Methylation — modifications to DNA that regulate gene expression — may explain why identical twins with the same Rett syndrome mutation have different symptoms, according to a study published 21 June in PLoS One1.
When chemical marks called methyl groups are placed on DNA, they tend to block access to a gene’s regulatory region, dampening the gene’s expression. Methylation is one form of epigenetic regulation, which alters gene expression without changing the underlying DNA sequence.
Studies suggest that autism may result from a combination of mutations and environmental factors, with the latter exerting their influence through epigenetics.
In the new study, researchers describe a pair of identicaltwin girls who have Rett syndrome with differing severity. One girl has classic symptoms of the disorder, including a loss of language after 1 year of age, seizures, abnormal hand movements and motor skill deficits so severe that she uses a wheelchair.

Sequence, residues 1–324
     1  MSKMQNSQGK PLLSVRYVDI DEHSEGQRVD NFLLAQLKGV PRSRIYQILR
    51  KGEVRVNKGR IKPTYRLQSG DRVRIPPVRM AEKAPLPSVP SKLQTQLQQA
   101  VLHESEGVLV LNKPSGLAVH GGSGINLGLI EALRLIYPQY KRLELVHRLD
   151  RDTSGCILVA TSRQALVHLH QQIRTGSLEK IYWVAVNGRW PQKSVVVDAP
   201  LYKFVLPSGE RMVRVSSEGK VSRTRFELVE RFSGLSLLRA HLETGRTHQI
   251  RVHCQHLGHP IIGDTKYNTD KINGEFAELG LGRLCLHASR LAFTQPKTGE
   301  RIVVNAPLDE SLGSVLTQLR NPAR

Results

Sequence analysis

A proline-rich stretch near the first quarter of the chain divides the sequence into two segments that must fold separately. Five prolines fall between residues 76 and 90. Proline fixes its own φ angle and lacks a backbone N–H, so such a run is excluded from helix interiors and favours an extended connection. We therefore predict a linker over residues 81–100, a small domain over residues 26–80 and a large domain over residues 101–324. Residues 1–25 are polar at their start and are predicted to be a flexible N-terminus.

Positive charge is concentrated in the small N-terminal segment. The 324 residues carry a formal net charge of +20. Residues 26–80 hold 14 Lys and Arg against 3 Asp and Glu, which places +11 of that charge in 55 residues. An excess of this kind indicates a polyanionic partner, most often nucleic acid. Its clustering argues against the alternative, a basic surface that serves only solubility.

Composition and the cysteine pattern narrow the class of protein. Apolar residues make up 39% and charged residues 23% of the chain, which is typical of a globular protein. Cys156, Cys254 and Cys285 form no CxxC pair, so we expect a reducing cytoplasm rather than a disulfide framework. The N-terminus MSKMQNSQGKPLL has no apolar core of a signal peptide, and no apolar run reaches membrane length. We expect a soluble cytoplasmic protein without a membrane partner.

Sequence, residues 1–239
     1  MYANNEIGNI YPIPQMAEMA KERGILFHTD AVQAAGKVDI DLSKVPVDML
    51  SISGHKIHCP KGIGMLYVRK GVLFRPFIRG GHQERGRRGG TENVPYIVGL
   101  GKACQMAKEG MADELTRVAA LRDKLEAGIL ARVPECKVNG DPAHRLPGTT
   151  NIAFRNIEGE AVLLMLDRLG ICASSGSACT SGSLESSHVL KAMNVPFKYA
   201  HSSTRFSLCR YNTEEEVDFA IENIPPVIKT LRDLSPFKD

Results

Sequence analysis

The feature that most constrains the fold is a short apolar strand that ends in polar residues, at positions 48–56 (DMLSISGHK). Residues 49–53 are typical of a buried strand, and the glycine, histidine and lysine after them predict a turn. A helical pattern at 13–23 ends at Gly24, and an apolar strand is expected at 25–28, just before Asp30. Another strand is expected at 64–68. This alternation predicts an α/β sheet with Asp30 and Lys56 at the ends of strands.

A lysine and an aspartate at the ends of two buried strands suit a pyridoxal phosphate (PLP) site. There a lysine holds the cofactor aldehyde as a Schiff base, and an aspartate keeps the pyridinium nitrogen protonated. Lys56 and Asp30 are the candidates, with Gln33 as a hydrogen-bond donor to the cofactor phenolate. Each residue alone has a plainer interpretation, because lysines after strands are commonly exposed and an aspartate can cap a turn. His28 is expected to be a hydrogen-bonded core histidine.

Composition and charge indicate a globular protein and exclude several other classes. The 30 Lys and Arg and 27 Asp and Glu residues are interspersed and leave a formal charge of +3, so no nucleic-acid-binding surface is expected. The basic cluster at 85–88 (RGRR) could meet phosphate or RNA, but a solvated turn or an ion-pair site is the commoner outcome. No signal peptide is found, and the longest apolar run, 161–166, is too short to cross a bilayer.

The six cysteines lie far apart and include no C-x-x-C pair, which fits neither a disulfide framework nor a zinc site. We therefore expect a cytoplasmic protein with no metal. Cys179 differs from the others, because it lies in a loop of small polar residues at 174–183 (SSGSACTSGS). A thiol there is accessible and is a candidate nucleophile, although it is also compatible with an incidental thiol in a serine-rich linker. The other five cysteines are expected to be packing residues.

The other girl lost language ability after 2 years of age and has unusual hand movements. But she can run, jump, swim and use her hands to perform tasks. She has some seizures, but these are controlled with epilepsy drugs.
Both girls have the same mutation in MeCP2, the gene underlying most cases of Rett syndrome. And they have no significant differences elsewhere in their genomes, including variants in single DNA nucleotides, insertions or deletions of nucleotides, or copy number variations — duplications or deletions of regions of the chromosome.
However, the girls have different modifications at 252 of 450,000 methylation sites across the genome. The researchers looked closely at 14 of these regions that precede the start of a gene and so are likely to regulate its expression. Three of these genes — MKX, CKB and FYN — are expressed at different levels in the two girls.
MKX controls the expression of other genes. Mice that lack MKX have problems with their muscles. CKB and FYN both regulate neuronal signaling.
1: Miyake K. et al. PLoS One 8, e66729 (2013) PubMed